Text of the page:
In the last few months, I’ve had the neat fortune to meet a variety of new students. Cool students. Nice students. Funny students, highly intelligent students, friendly students who daily teach me that I know almost nothing. These students are also generous enough to trust me to work with them. It’s a privilege and I appreciate them. They teach me about my blindspots—about what I don’t know, which is too much—and keep me more than a little nervous that I won’t be able to help. And I want to help. That’s in my nature as much as causing trouble and talking too much.
The truth is: I worry. I worry about these people—body, mind and soul. They come to yoga because they want something. They want for something. It might be a physical yearning for flexibility that gets them in the studio. A hope for strength or balance. Or it might be a suspicion that the life they’re leading could be different. Somehow.
Regardless of how acceptable yoga has become—in gyms, churches, schools—it carries the legacy of mysticism. I don’t write that lightly. Exploring the mystic is at the very heart of yoga. Acknowledging the students’ curiosity into this union between intellect and the divine is probably the greatest, and most delicate, responsibility of the yoga teacher.
And that’s why I worry.
I don’t want to sound precious, but yoga ain’t just moving around. When someone wants a guide to usher them toward something interesting and deep, the guide better have at least a small torch. With extra batteries. And maybe a compass that isn’t broken.
Which increases the responsibility of the teacher, doesn’t it? Because the yoga teacher is helping bodies breathe then move and align as appropriate. From there, she invites minds to notice the breath and movement and alignment so the experience becomes internal. And if she has the will, she invites the spirit to observe the interaction between the body and mind.
To teach, then, means to be willing to look into these areas personally. And that’s not always easy. I don’t think I’m kicking a sacred cow when I acknowledge that yoga teachers are, with a few rockstar exceptions, poorly paid for their work. Most of them are just a teacher training ahead of their students, and that training may not have included much more than a sequence, a script and a little exposure to anatomy. The first teacher training I attended, in the way back, spent five hours on lining up trikonasana, another hour on music choices but only a short morning session on the Yoga Sutra limited to the yamas and niyamas. (I’ll always be grateful for my disappointment with that course; the utter banality of it got me to India—a trip that taught me to always study the self as carefully as the guru.)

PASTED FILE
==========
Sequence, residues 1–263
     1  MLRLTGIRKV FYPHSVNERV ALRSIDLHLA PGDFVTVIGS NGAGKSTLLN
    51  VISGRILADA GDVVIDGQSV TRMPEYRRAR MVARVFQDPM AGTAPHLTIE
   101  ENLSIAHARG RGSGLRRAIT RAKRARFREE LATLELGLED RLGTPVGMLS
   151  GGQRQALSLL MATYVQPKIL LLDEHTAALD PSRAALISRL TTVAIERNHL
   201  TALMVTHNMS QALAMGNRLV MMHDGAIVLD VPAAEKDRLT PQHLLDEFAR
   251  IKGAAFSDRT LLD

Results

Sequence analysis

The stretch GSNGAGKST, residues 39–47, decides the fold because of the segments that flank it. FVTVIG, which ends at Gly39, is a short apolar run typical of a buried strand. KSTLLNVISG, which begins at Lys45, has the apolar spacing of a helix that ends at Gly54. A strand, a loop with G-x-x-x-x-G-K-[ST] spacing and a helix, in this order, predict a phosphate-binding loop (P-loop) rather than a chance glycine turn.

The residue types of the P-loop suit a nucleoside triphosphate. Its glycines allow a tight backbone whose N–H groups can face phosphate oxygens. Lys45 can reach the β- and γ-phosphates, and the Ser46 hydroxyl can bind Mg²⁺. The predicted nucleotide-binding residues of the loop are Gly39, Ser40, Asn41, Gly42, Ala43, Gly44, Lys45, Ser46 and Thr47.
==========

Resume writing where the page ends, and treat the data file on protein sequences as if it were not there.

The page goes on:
As a teacher, I want folks to find a way in yoga that will endure as long as they do. As long as they have an interest in yoga, I want to provide some insight and knowledge for their consideration. And I find this challenging, to be candid. Because I don’t know everything I’d like to know. And I don’t have all the insight I want. Not for myself, and certainly not for others. But I try to admit what I don’t know. I wish I could chant without blushing and recite the Sutra and meditate really peacefully. I wish I could offer prayer without first questioning its value. I wish I could breathe without losing count, that my body didn’t occasionally hurt and my mood didn’t occasionally sour.
But this is me. And the best thing I can offer, I think, is my absolute conviction that a little bit of yoga, carefully done (no playlist required, folks!), with connection to the breath and a generous and enthusiastic heart, is going to calm the mind. First, a little. Over time, more and more. And then even more.
And I remind myself that it’s a matter of happiness and will and faith and finding stability in what I know. Also, that my own teachers are flawed and funny. And unabashedly aware of it.
We are all a mess with an instinct to become art. As I interpret Patanjali (visoka va jyotismati, 1-36), finding joy despite or because of this may just give us a peaceful place to rest.